Most entrepreneurs rely on organic growth by default. Building a market footprint from scratch has its merits, but it's often a slow and speculative approach. The alternative is inorganic growth: partner with other companies that already have the clients, product lines, systems, talent, and other assets that you seek.
Mergers and acquisitions are two of the most common options for joining forces. So which is right for you?
Acquisitions can be done on a share or asset basis. The former typically involves the transfer of all assets and liabilities, while the latter is limited to specific resources and obligations (which may require third party consent, such as creditors for encumbered assets). Their tax implications can vary considerably. For example, securities transfer tax will be levied on the sale of shares, while the sale of assets may incur VAT.
Mergers are often assumed to involve two companies blending together into a new entity with shared equity, but there are actually a variety of possibilities. One of the merging entities can subsume the other (instead of both amalgamating into a third company), and the consideration for the deal needn't involve shares (cash is an obvious alternative).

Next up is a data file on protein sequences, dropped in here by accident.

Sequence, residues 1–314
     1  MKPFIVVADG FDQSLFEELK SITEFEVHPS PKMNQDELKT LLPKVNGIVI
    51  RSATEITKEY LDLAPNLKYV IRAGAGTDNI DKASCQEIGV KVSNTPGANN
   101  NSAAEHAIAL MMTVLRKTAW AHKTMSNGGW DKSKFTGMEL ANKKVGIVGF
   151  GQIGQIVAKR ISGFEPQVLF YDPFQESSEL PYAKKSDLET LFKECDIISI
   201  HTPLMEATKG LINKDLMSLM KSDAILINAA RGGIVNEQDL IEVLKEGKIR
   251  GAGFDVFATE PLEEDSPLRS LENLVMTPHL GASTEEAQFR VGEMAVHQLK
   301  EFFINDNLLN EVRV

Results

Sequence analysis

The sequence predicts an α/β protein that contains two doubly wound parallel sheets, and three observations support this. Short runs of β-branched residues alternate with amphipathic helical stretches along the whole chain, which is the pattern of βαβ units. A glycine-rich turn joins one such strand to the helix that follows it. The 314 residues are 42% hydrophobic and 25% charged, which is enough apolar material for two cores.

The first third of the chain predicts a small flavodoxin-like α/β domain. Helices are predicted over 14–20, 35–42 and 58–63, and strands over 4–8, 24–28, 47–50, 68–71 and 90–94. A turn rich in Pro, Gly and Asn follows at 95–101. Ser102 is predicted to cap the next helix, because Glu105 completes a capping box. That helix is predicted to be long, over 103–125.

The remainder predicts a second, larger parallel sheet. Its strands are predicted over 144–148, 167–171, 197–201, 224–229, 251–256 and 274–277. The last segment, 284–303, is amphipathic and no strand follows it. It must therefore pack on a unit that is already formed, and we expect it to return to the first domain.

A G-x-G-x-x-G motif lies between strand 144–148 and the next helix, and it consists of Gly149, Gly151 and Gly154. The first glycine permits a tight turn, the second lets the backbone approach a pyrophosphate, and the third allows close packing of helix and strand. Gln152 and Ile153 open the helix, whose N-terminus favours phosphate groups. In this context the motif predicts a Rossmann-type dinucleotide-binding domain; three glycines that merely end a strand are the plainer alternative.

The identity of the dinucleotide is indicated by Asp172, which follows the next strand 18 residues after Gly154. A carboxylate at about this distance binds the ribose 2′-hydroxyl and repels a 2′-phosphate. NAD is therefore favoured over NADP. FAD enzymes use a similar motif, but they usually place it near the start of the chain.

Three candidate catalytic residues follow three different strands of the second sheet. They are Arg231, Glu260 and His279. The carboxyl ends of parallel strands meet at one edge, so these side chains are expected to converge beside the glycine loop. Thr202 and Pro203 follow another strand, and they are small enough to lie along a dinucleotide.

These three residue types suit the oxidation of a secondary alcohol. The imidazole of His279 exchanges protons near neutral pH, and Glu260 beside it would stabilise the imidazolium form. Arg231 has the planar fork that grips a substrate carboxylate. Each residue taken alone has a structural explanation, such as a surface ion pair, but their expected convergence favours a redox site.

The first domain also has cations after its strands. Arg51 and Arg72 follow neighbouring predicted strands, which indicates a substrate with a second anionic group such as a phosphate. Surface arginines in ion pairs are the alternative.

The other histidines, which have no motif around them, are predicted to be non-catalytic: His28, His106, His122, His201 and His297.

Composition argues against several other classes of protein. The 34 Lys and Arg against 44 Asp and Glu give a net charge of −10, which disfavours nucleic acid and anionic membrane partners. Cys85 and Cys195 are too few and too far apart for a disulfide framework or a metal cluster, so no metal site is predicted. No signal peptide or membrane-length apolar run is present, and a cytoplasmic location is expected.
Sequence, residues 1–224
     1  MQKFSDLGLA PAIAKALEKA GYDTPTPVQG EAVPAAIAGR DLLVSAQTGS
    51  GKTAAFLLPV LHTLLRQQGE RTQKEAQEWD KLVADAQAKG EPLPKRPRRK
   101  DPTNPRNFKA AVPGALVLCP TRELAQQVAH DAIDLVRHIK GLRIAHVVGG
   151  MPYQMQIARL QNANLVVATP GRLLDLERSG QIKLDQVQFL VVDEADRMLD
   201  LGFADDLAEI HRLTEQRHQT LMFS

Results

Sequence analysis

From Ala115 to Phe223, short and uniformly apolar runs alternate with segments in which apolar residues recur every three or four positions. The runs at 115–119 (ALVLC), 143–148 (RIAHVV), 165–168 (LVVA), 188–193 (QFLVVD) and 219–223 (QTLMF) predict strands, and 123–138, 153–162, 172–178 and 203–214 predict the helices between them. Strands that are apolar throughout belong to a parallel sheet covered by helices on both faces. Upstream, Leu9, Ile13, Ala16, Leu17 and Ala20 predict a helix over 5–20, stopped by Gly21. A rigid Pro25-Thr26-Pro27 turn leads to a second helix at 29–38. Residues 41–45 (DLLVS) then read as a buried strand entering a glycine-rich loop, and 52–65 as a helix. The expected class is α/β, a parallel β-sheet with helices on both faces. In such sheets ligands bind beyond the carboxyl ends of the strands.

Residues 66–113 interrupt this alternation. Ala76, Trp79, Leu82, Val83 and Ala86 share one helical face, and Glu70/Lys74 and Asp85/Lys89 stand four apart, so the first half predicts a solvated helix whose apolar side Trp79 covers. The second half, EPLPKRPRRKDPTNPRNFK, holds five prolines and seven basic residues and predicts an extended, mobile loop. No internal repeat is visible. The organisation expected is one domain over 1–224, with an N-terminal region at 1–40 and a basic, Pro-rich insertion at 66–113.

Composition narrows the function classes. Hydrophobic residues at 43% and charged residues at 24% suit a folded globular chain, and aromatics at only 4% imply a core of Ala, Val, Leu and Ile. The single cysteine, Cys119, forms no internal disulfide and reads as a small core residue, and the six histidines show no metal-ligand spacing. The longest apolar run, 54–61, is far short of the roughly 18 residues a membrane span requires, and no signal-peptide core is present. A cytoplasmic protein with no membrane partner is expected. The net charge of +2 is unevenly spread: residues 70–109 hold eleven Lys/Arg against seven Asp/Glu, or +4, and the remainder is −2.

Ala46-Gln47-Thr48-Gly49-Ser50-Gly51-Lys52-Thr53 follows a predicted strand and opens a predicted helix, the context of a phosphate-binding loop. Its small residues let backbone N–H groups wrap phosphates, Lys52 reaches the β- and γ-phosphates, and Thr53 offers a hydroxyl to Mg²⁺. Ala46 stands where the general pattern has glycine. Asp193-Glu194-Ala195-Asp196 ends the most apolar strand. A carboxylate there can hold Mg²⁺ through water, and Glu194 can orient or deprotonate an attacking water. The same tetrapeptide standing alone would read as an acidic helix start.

One of the biggest advantages that mergers enjoy over acquisitions is the immediate and automatic transfer of many assets by operation of law (which cuts out a lot of painstaking admin). They can also benefit from tax exemptions, subject to how consideration for the deal is structured. On the downside, they're typically "warts and all" transactions, so thorough due diligence is critical.
Ultimately, the choice of deal structure should be informed by what you're trying to achieve. If speed and simplicity are of essence, and you're certain the fit is right, then a merger will likely be preferable. On the other hand, if you're only interested in parts of a company instead of the whole, then an asset acquisition will probably make more sense.